Saturday August 17, 2019

Vision deterioration in astronauts likely owing to lack of a day-night cycle in intracranial pressure: Scientists

Vision deterioration in astronauts is likely owing to the lack of a day-night cycle in intracranial pressure, say scientists

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Mars plans to send a manned mission to mars by 2030, Pixabay

New York, Jan 19, 2017: Vision deterioration in astronauts is likely owing to the lack of a day-night cycle in intracranial pressure, say scientists, adding that using a vacuum device to lower pressure for part of each day might prevent the problem.

To study how zero-gravity conditions affect intracranial pressure, researchers from University of Texas Southwestern Medical Centre recruited volunteer patients who had had a port permanently placed in their head as part of treatment for cancer.

The ports provided a way for researchers to measure intracranial pressure.

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NASA flights then flew the eight volunteers one by one on steep up-and-down maneuvers (parabolic flights) that created 20-second intervals of weightlessness.

The researchers measured intracranial pressure during the zero-gravity intervals and compared these with intracranial pressure during standard times of sitting, lying face upward (supine), and lying with head inclined downward.

The findings showed that intracranial pressure in zero-gravity conditions, such as exists in space, is higher than when people are standing or sitting on Earth, but lower than when people are sleeping on Earth.

“These challenging experiments were among the most ambitious human studies ever attempted and changed the way we think about the effect of gravity – and its absence – on pressure inside the brain,” said senior author Dr Benjamin Levine, Professor of Internal Medicine.

It suggests that the constancy of pressure on the back of the eye causes the vision problems astronauts experience over time.

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“The information from these studies is already leading to novel partnerships with companies to develop tools to simulate the upright posture in space while astronauts sleep, thereby normalising the circadian variability in intracranial pressure,” added Dr Levine.

“The idea is that the astronauts would wear negative pressure clothing or a negative pressure device while they sleep, creating lower intracranial pressure for part of each 24 hours,” noted first author Dr Justin Lawley in a paper appeared in the Journal of Physiology. (IANS)

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Scientists Find Method of Extracting Water from Air Using Autonomous Solar-Powered System

"It is not a revolutionary process, but an unusual one," civil and environmental engineering professor Tomas Matuska

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The experts installed SAWER in the United Arab Emirates' town of Sweihan, located about 70 km east of Abu Dhabi. Pixabay

A team of scientists from the Technical University in Prague have said they found a method of extracting water from air using an autonomous solar-powered system.

The first prototype of Solar Air Water Earth Resource (SAWER) has the capacity to produce 100 litres of drinking water per day anywhere on the planet, even in the desert.

The experts installed SAWER in the United Arab Emirates’ town of Sweihan, located about 70 km east of Abu Dhabi.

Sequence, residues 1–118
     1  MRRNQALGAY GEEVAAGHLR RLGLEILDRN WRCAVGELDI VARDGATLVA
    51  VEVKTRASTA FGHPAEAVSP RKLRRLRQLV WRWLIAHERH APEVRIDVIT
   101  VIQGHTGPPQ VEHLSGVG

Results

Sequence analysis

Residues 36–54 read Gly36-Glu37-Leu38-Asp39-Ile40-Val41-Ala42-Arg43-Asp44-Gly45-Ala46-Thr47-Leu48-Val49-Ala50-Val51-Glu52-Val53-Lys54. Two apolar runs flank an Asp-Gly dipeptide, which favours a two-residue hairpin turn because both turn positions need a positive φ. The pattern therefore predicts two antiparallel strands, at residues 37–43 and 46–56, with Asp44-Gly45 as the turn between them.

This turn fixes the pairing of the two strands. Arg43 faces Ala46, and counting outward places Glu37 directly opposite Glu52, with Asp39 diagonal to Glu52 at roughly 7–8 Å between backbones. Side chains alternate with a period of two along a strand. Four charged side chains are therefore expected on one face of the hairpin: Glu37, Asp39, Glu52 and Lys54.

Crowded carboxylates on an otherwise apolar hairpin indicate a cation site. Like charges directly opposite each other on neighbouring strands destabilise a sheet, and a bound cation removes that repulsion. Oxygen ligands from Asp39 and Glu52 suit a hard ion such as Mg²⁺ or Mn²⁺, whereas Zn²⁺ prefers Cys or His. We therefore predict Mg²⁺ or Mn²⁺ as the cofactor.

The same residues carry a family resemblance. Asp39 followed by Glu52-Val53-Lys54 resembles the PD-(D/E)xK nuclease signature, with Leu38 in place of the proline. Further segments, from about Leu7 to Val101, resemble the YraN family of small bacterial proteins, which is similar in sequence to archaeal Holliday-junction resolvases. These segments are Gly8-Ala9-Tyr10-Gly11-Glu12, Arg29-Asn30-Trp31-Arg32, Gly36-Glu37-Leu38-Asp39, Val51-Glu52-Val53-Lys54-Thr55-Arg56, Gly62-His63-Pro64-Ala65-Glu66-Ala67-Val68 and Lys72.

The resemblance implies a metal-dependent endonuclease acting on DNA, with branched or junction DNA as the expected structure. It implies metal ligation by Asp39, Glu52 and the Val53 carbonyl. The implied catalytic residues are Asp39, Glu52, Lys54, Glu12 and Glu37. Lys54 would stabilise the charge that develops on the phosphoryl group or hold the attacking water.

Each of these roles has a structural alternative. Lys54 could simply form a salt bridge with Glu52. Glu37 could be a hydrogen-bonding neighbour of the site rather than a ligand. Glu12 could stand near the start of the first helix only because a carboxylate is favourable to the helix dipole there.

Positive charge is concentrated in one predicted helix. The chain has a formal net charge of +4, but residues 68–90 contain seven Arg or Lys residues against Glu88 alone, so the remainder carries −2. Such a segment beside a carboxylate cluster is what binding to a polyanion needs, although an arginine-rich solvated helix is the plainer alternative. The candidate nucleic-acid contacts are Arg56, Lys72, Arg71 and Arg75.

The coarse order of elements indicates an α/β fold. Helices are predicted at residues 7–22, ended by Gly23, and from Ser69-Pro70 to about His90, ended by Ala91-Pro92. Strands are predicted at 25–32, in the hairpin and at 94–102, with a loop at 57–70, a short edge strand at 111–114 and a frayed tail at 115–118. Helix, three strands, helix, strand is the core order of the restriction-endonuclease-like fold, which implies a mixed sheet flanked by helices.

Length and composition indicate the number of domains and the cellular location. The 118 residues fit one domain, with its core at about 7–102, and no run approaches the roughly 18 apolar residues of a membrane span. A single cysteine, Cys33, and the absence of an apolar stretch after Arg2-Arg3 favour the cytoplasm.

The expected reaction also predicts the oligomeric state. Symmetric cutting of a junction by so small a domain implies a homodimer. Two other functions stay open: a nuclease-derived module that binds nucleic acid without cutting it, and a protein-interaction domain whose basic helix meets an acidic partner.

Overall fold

“It is not a revolutionary process, but an unusual one,” civil and environmental engineering professor Tomas Matuska told Efe news, adding it used dehumidifiers that are often employed in the food industry.

Scientists, Water, Air
A team of scientists from the Technical University in Prague have said they found a method of extracting water from air using an autonomous solar-powered system. Pixabay

Matuska explained that the two-stage system consists of a desiccant that holds water molecules in its surface and then an air heater produces water vapour to be taken back to the surface.

A group of 12 scientists started the project in the Czech Republic’s capital in 2017 and created the first prototype that can be transported in two six-meter-long cargo containers.

One of the containers holds the production unit including distilled water equipment, while the second contains the accumulators to boost heat and cold processes, as well as energy control systems.

Photovoltaic modules are placed on the two containers in order to produce the energy necessary to start the process.

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The movable device aims to establish timely living conditions, or to facilitate civil-military operations in inhospitable places requiring an emergency water supply.

“The test (near Abi Dhabi) will last about six months, because we want to have information with data from summer, autumn and winter,” said Matuska, who is part of the team that developed SAWER in Prague.

The device will be tested in the laboratory during this period, although Matuska said it only requires “air filter changes, water canister emptying and cleaning for the photovoltaic modules.”

The prototype cost about 360,000 euros ($400,000), making the water extracted very expensive – $10 per litre in the first year.

 

Scientists, Water, Air
The first prototype of Solar Air Water Earth Resource (SAWER) has the capacity to produce 100 litres of drinking water per day anywhere on the planet, even in the desert. Pixabay

The project will be showcased at the Dubai Expo 2020, to be held between October 2020 and April 2021.

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“There is a great interest in our project, from the US to Australia,” Matuska said, adding: “We have signed a confidentiality agreement with a company with businesses in the Persian Gulf area.” (IANS)